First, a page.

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Alba’s children Marta, 13, and Axel, 9, smile as they play with the family’s chickens.
Alba’s children Marta, 13, and Axel, 9, smile as they play with the family’s chickens.

Members of a cooperative in the Marcala region of Honduras look to 34-year-old Alba Rosa Claros as an innovative leader. With her husband Gerson Argueta and their four children, Marta Ersilia, 13; Axel Daviel, 9; Gerson Jaret, 8; and Nury Celeste, 5, Alba has built a successful family business. 

Alba is not only a successful entrepreneur; she is a motivational speaker. Thanks to her success, she is frequently asked to visit other countries to talk to women about her experiences and encourage these budding entrepreneurs.

“My family has seen an extraordinary change,” Alba said. “We previously have not had experience with the things that we now work with for the project, so we now have a wider experience. Not only myself, but also my husband, my children and my family have been involved.”

The Argueta Claros family received hens, pigs and a stove through Heifer’s Passing on the Gift®, and they are now waiting for a cow.

We are thinking about expanding this project, because it has an incredible demand. Alba Rosa Claros, Heifer Honduras project participant

Each of the gifts has played an instrumental role in the family’s business. They use the manure from the pigs as fertilizer and sell the pigs’ offspring, along with baby chicks. After receiving training from Heifer, their production costs declined by 40 percent. Now they are able to prepare everything they need to care for their animals and plants.

“We are thinking about expanding this project, because it has an incredible demand,” Alba said.

Provide families like Alba's with gifts that make a difference today

Alba proudly stands by her new stove, which she uses to cook food to sell as part of her family's business.
Alba proudly stands by her new stove, which she uses to cook food to sell as part of her family's business.

The family's new stove has also made a monumental change in their lives. The stove Alba had before consumed two loads of wood each week, and the new stove only uses half a load, saving the family 300 Lempiras, or about $13.70, a week on firewood. The new stove is more environmentally friendly, eliminating much of the smoke that used to fill their home, improving the family’s health. Alba also sells some of the food prepared with her new stove, including chickens for 280 Lempiras, or about $12.70, each and a variety of other meals for 70 Lempiras, or about $3.20, per dish.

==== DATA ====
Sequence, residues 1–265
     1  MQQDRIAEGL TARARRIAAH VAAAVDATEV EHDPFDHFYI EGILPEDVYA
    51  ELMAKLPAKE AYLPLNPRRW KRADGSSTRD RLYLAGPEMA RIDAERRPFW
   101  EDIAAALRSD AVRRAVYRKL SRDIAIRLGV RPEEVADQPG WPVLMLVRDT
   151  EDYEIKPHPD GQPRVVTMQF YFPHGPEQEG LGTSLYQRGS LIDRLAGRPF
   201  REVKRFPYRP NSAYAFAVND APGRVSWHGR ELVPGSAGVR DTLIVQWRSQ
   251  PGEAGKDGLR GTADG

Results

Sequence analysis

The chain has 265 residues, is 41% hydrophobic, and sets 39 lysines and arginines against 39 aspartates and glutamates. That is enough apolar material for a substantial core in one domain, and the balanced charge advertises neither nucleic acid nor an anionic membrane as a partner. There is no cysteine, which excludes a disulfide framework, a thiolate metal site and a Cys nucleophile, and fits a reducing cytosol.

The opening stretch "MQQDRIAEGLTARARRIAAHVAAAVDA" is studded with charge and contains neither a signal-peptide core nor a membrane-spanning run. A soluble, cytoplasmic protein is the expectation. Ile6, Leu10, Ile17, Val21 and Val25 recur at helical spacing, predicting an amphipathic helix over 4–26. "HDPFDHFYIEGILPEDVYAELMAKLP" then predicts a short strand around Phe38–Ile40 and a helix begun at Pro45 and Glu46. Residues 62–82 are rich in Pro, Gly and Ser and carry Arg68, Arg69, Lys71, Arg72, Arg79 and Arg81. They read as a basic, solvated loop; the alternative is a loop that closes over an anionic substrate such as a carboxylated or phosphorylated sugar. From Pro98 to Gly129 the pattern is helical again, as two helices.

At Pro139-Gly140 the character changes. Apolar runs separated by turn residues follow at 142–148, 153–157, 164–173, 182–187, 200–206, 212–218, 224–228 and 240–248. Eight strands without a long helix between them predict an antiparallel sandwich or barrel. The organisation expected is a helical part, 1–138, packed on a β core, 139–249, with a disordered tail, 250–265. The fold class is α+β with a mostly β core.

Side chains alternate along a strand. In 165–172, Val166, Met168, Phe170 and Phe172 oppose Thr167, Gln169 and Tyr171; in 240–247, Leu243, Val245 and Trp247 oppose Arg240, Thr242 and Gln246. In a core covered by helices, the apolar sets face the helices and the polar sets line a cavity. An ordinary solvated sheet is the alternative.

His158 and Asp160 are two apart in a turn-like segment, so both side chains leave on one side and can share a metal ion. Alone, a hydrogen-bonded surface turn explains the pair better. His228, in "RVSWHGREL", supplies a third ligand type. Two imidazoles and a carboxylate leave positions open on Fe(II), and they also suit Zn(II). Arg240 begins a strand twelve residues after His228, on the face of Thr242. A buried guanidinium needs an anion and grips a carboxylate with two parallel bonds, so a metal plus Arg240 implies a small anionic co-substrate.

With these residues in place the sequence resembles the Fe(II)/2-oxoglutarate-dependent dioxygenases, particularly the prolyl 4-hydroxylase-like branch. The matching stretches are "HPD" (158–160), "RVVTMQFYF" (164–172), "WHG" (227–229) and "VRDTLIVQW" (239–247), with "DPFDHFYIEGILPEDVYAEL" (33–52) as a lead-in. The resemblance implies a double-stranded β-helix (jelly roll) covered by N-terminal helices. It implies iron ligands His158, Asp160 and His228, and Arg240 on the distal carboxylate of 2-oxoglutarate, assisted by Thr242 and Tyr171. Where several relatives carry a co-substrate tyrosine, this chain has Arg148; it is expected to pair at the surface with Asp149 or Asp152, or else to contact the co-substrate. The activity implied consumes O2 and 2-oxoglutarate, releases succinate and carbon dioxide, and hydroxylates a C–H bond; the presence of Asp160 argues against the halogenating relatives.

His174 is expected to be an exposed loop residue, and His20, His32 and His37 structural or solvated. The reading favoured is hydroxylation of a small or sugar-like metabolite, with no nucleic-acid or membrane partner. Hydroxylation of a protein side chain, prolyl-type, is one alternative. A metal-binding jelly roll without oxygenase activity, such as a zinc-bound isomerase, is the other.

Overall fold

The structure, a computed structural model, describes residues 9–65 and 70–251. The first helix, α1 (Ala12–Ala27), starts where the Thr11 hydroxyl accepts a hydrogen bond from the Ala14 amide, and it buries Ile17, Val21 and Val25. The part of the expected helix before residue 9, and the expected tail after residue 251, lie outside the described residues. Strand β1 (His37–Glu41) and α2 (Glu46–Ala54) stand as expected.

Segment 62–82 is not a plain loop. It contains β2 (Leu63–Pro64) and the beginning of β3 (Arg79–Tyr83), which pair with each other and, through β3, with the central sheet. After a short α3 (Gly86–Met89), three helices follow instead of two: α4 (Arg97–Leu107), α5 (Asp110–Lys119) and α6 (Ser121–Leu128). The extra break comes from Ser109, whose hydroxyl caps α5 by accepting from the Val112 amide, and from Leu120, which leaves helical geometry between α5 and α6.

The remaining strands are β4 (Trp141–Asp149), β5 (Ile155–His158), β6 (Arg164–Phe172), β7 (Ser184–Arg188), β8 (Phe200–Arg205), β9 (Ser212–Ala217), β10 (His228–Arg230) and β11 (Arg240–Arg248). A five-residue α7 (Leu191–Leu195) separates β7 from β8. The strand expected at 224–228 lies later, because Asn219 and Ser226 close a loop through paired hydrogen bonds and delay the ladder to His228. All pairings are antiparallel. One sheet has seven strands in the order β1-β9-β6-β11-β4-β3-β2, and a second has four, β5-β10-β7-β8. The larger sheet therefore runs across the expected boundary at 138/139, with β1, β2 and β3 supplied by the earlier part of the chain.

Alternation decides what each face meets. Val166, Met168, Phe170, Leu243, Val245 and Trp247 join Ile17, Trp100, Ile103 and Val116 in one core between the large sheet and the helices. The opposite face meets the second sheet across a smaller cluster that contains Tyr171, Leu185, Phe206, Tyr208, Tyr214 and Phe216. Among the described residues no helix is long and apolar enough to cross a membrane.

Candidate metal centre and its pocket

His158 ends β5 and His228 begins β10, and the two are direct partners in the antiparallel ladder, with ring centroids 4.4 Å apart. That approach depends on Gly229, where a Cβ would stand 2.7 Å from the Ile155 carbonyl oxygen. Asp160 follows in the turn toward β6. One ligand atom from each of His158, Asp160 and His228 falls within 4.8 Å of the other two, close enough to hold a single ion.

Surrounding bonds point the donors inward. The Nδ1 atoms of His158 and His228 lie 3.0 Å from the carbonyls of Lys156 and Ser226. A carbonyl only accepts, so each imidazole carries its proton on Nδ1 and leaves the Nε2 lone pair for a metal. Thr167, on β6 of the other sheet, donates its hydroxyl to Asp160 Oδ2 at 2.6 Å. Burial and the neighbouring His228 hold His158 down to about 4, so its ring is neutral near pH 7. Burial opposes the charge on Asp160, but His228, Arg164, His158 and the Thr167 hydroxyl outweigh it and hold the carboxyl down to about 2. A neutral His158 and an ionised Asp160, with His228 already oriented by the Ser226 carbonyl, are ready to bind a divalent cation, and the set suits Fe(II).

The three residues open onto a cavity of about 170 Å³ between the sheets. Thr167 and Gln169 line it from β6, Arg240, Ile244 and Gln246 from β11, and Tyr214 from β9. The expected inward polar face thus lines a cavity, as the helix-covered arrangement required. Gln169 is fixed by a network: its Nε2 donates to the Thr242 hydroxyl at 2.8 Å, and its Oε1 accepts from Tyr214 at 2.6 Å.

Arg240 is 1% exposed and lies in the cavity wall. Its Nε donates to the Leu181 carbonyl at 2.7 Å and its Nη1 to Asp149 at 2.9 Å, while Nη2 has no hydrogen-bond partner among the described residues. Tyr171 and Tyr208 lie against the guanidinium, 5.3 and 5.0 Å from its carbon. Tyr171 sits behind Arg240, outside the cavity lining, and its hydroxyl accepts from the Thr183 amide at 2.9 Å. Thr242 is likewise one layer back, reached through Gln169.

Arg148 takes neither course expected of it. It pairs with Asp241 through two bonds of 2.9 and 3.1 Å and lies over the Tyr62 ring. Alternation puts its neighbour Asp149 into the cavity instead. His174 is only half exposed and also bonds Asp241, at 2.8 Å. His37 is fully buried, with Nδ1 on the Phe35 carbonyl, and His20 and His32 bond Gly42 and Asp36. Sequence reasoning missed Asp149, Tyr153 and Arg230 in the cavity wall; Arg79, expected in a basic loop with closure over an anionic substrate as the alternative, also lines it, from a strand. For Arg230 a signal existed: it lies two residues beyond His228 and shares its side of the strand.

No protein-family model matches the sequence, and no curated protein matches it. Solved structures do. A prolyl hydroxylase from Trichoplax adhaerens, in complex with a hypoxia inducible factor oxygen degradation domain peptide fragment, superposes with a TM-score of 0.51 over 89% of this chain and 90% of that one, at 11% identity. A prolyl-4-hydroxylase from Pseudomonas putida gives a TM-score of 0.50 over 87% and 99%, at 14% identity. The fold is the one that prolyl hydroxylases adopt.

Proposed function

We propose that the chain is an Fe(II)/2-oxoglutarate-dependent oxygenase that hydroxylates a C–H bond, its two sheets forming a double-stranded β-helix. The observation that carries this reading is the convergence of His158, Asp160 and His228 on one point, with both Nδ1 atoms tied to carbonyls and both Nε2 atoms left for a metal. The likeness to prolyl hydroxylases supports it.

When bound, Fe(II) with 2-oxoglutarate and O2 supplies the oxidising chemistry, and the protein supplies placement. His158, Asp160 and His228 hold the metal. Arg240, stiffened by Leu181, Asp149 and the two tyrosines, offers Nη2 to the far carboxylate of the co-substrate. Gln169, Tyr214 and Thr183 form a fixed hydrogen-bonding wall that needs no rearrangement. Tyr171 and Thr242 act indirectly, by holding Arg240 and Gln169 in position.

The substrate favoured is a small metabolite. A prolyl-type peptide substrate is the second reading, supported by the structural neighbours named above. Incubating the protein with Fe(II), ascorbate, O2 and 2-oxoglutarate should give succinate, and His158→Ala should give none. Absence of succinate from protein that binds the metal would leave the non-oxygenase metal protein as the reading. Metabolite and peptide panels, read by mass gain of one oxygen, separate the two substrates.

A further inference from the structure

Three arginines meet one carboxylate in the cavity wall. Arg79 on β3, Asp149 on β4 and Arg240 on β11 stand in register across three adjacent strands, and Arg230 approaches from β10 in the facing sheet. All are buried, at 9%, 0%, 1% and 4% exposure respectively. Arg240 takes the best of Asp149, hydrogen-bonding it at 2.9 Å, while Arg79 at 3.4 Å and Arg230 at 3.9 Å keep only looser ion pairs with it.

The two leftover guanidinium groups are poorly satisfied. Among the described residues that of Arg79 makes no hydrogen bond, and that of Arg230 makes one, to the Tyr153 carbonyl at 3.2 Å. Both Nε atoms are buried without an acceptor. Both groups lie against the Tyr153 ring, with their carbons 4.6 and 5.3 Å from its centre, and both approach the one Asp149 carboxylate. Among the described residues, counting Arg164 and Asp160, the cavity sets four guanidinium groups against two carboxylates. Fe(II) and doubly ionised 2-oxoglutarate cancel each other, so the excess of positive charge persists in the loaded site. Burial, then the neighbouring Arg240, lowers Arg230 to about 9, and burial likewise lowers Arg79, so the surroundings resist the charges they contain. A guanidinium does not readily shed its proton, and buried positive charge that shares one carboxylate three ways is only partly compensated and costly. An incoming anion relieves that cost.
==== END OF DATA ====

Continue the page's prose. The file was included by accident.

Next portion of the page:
Next, the family wants to buy a fish tank. They have already prepared the ground for rearing fish. In the near future, Alba hopes they can produce everything they need to satisfy all of their nutritional needs.

We work as a team, as a family...I changed, and it was not easy, but now I can see that my children have a different mindset. Alba Rosa Claros, Heifer Honduras project

One of the most important improvements since working with Heifer has been the family’s health. They have been eating cleaner, and Alba can see the difference this has made. “Now, my children do not get sick,” Alba said. “They do not eat junk food. Now we eat microorganisms and food that we prepare ourselves.” Alba used to suffer from gastritis and headaches, but she feels much better now.

And she recognizes that these meaningful changes can only be obtained through teamwork. 

Alba poses with one of her family’s pigs, along with her children, her neices and her newphews.
Alba poses with one of her family’s pigs, along with her children and her neices and nephews.

“We work as a team, as a family. Meaningful change is the most important thing for us,” Alba said. “I changed, and it was not easy, but now I can see that my children have a different mindset. Those are the things that stay with us and that are not going anywhere.”

Through Heifer’s Vida Café Project and the COMSA cooperative, Alba learned about organic agriculture and market experiences at fairs, as well as the Organic Basket, a market where the area’s best producers sell their products. At the Marcala fair, she sells green peppers for 5 Lempiras, or about 23 cents, each; radishes for 5 Lempiras, or about 23 cents, per pack; lettuce for 10 Lempiras, or about 45 cents, a head; and beans for 10 Lempiras, or about 45 cents, a pound.  

For Alba, the most exciting part of joining the Vida Café Project is that her family is involved in many new projects.

“In every project, we are a great team with my children,” Alba said. “We are very excited about the changes we have experienced. It is indispensable that my children get involved and acquire the knowledge. That’s what excites us, to involve the family in a way that we become attached to the Earth. We can have a healthy life through all the projects we are doing.”

After seeing the changes in her own family that have happened from being a part of Heifer, Alba wants to see her neighbors find the same success.

“My dream is to see several families in the community continue implementing all of this,” she said.

Story and photos by Bianca Solórzano, Communications Officer, Heifer Honduras 

Author

Heifer Honduras